THE MAKING OF DON'T LET GO. A FILM ABOUT WINDSURFING.

BOARDS catches up with Flo Jung, to take a look at the events that lead to the making of one of the most exciting windsurfing movies to hit our screens this year, Don’t Let Go.

DON’T LET GO -Trailer from DONT LET GO on Vimeo.

In general, it is good to have high expectations, but sometimes  even if you try your best, things just don’t work the way you want to. In theses situations it is a real challenge to make the best out of it.

When we decide to produce a film, we didn’t want to produce just another windsurf movie, but in order to make something special, we had to find a way to be different from the others. Our idea was to show various aspects from our life as pro windsurfer and make a documentary about it.

However, if somebody would have told me before, that this takes two years of time,  dedication  and fighting with injuries, I wouldn’t have done it . More over  windsurf movies like ” Minds wide open” or “the windsurfing movie” have set new standards in the last years. This makes it really hard to keep up  with this kind of quality, if you are working with tiny film budget. Anyway, we just gave it a try.

THE IDEA WAS BORN
Robby Swift in Chile. Photo by Pablo Berrios.
Robby Swift in Chile. Photo by Pablo Berrios.

While waiting for the wind during the Capo Verde worldcup in 2010, I was staying with Robby Swift, Camille Juban and Boujmaa in a hotel. There was nothing to do, than to wait for wind and waves. We were watching surf movies and talked about  various ideas to do a movie ourself.  Because the conditions didn’t show up for the rest of the contest we had a lot of time to start working on a new film project. None of us has been involved in a bigger film productions, and we wanted to create something that shows our own vision of windsurfing.  We scheduled to do a long term project in order to gather enough action footage during our trips around the globe.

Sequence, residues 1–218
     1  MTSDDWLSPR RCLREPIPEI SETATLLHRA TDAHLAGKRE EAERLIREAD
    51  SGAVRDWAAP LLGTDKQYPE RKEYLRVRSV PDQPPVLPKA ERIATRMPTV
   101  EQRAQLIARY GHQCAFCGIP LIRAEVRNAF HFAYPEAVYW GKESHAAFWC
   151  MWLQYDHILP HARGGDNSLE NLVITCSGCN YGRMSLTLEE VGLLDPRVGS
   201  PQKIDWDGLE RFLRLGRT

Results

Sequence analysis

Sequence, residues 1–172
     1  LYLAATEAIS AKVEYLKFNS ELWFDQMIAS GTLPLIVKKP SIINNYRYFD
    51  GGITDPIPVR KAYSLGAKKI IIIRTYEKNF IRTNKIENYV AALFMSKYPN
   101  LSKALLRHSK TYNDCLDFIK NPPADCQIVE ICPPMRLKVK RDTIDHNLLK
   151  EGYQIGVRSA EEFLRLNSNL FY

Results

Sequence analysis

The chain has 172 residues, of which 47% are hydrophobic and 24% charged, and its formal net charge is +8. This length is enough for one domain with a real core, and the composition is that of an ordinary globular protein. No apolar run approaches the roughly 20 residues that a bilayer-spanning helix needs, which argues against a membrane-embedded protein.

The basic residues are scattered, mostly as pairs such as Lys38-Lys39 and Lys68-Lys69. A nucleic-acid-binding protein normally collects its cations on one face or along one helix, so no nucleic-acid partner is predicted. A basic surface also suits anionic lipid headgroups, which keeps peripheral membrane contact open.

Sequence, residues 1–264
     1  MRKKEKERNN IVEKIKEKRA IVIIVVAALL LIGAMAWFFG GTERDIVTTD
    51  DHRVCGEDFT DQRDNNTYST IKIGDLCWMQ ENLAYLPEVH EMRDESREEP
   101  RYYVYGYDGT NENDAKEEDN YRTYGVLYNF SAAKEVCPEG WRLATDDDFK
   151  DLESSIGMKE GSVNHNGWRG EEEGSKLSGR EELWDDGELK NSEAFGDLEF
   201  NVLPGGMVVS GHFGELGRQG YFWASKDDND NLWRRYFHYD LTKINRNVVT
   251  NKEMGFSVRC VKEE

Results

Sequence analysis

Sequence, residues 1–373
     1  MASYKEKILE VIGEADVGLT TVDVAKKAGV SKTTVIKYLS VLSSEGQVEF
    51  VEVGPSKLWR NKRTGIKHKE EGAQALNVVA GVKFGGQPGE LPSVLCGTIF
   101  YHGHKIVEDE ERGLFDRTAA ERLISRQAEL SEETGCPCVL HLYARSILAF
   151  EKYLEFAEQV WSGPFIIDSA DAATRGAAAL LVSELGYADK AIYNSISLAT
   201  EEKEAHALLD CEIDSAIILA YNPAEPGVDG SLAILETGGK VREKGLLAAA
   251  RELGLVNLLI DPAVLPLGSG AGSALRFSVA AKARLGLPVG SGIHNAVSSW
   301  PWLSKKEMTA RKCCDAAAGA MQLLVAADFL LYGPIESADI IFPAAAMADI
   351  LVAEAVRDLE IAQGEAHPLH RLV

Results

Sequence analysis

With no real references  it was complicated find people that believed in our project. After a lot of emails, concepts and convincing phone calls, we recieved a tiny budget from our sponsors and finally managed to start filming during a big swell in Morocco.

We had great conditions  and got some decent footage at Boujmaa’s home spot.

UPS AND DOWNS:

Everything seemed to go our way. During the annual photo shooting season in Maui, we were lucky and shared some monster waves together, filmed by a helicopter at Jaws.

At one night, during a BBQ, Robby Swift came up with the idea to call the movie

“Don’t let go” – having ambiguous meanings in mind – like hold on to your gear, don’t give up trying new moves, or simply never give up.  We had no idea that this title would have such a strong effect on us. From now on “DON’T LET GO” seemed to be our daily attitude. A few days later Boujmaa almost died trying a triple forward. He crashed really hard on his gear, broke some bones, passed out and almost drowned.

Four months went by for his recovery and in the meantime we were trying to sort out more financial support from sponsors to organise the next trips.

When Boujmaa got back on track we had some productive months of filming during the PWA events on the Canaries, followed by an another amazing trip to Morocco with our main filmer Manuel Grafenauer. Again,we were happy and  stoked with our sailing and spent some long days with good action  in and off the water.